NAJA names students, mentors for 2013 Native Voices project
NORMAN, Okla. – The Native American Journalists Association (NAJA) announced mentors for the 2013 Native Voices student projects June 14.
The 2013 NAJA Native Voices program will be hosted by Arizona State University’s Walter Cronkite School for Journalism and Mass Communication located in downtown Phoenix, Ariz., July 14-20.
Ten students were selected to participate in the annual program, which is open to Native American college and graduate students with a demonstrated interest in pursuing journalism or news media careers:
- Lemanuel Loley, Navajo – Kenyon College
- Lucy Suppah, The Confederated Tribes of Warm Springs / Shoshone-Bannock – Portland Community College
- Christine Trudeau, Potawatomi – Institute of American Indian Arts
- Dylan Geuther, Ponca Tribe of Oklahoma – University of South Dakota
- Lucretia Lovato, Santo Domingo Pueblo – Haskell Indian Nations University
- Anne Artley, Navajo – University of Southern California
- Alex Maxwell, Absentee Shawnee – Oklahoma Christian University
- Shine Salt, Navajo – Arizona State University
- Mike Huberman, Gros Ventre – University of Montana
- Princella Parker, Omaha Tribes of Nebraska – University of Nebraska – Lincoln
These students will work together to produce a student newspaper, multimedia projects and newscasts. Most stories will focus on the local Native American community and tribes in the Phoenix area.
The Native Voices program offers student journalists an outstanding setting to develop storytelling and reporting skills under the guidance of highly skilled reporters, editors and producers currently working in tribal and mainstream media.
Mark Dreadfulwater, Cherokee, serves as the chair of the 2013 NAJA Education Committee and is leading this year’s college and high school student programs.
Dreadfulwater has previously served as lead mentor during the 2010 NAJA National Native Media Conference in St. Paul, Minn., and the UNITY Convention in Las Vegas, N.V., in 2012.
Dreadfulwater currently works for the Cherokee Phoenix, the country’s oldest Native American newspaper. He serves the newspaper as the Multimedia Editor and is responsible for ensuring quality digital production is delivered in text, video and photo formats.
Eugene Tapahe, Navajo, grew up on the Navajo Reservation in the town of Window Rock, Ariz. The current owner of Tapahe Inventive Design, he previously worked at the Navajo Times and ESPN The Magazine. His work has taken him to the Super Bowl, World Series and other major events.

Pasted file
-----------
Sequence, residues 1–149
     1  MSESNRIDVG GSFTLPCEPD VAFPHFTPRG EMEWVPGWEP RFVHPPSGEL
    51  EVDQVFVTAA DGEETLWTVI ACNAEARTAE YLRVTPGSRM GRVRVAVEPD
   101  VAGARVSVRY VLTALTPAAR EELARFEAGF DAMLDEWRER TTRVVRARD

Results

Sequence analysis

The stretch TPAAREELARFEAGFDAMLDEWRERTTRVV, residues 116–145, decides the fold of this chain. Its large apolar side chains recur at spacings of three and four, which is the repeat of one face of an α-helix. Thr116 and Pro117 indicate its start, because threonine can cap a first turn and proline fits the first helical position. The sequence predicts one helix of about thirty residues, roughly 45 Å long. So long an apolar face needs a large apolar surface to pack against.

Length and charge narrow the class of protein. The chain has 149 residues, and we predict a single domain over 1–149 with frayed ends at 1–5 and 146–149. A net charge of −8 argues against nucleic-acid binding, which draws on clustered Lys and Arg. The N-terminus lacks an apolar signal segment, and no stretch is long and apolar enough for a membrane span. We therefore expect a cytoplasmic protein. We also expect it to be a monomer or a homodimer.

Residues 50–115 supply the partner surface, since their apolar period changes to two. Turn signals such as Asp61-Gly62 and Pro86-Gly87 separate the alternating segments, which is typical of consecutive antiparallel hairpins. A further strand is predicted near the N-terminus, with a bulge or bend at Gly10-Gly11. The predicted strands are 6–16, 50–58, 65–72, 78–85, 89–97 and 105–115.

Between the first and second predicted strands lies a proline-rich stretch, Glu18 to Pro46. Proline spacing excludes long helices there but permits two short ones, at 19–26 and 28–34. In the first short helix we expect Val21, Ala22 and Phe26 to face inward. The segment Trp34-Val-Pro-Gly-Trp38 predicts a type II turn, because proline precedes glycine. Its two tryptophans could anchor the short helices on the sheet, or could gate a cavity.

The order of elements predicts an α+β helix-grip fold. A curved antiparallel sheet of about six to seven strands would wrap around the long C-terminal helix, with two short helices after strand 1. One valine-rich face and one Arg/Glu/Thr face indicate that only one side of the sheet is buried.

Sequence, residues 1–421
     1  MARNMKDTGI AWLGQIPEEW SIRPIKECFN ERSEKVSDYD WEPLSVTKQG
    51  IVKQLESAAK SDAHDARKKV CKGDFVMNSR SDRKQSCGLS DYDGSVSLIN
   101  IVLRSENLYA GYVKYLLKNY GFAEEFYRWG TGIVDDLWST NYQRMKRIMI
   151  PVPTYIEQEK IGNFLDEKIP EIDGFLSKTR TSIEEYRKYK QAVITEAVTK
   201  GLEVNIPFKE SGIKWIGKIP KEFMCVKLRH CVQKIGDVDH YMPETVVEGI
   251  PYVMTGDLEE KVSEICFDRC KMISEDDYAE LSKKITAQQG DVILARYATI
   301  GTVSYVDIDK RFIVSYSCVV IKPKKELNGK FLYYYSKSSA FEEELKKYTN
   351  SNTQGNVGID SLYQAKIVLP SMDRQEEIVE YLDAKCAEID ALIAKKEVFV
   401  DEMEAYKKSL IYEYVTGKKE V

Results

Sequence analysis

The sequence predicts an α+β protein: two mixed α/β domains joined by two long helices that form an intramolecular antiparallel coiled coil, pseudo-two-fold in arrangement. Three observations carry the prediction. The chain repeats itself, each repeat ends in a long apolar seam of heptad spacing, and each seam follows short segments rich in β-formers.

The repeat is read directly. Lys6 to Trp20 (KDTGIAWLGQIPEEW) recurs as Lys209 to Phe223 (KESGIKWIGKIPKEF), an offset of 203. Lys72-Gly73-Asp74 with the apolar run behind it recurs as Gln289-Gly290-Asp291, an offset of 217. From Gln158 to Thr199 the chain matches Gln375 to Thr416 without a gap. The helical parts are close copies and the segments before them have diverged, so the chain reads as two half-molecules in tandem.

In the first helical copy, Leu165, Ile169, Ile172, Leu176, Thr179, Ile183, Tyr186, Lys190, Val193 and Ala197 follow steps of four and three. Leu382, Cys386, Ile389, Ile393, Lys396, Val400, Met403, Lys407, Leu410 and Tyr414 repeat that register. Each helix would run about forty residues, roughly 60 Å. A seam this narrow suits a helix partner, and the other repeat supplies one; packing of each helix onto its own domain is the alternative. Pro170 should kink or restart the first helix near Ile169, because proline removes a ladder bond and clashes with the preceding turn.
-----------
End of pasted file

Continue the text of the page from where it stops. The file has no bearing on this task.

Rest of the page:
He has also served as a mentor to UNITY and NAJA students, helping them build skills and gain experiences that will help them move forward in life.
Charly Edsitty, Navajo, is a Phoenix-based multimedia journalist for KPNX 12 News. She shoots, writes and edits content for 12 News Today, one of Phoenix’s highest-rated morning news programs.
She earned a journalism degree from Baylor University in Waco, Texas where she served as news editor of The Baylor Lariat. She is a graduate of both the American Indian Journalism Institute and the Gannett Talent Development Program.
Her professional experience includes public relations work for Big Brothers Big Sisters of Central Arizona and Aid to Adoption of Special Kids. Internships include The Farmington Daily Times, CBS News and The White House.
Jason Begay, Navajo/Dine, is the director of Native American journalism projects at the University of Montana School of Journalism.
Begay graduated from the school in 2002, with the help of NAJA scholarships and the opportunity to grow as a reporter through the Native Voices program. He has worked at The New York Times, The Oregonian and the Navajo Times, where he spent six years before accepting his current position.
Antonia Gonzales, Navajo, grew up in Arizona and New Mexico. She is the anchor and producer of the award-winning nationally syndicated radio program, National Native News, which airs on tribal and public radio stations across the United States and Canada; covering social, economic and cultural issues, which impact Indigenous people worldwide.
She received her Bachelor of Arts Degree in Mass Communication and Journalism from the University of New Mexico and minored in Native American Studies.
She is a former board member of NAJA and encourages Native youth to take an interest in the journalism field, especially broadcasting. She has served as a student mentor at past NAJA conferences.
Gonzales has worked for Koahnic Broadcast Corporation for nearly a decade starting as an Associate Producer for KBC’s nationally syndicated talk show Native America Calling.
Before joining the Koahnic family, she was a one-woman-band television reporter for a CBS affiliate in Southeastern New Mexico where she covered two counties and followed stories such as large drug busts, cave rescue trainings and the famous annual bat flight at Carlsbad Caverns National Park.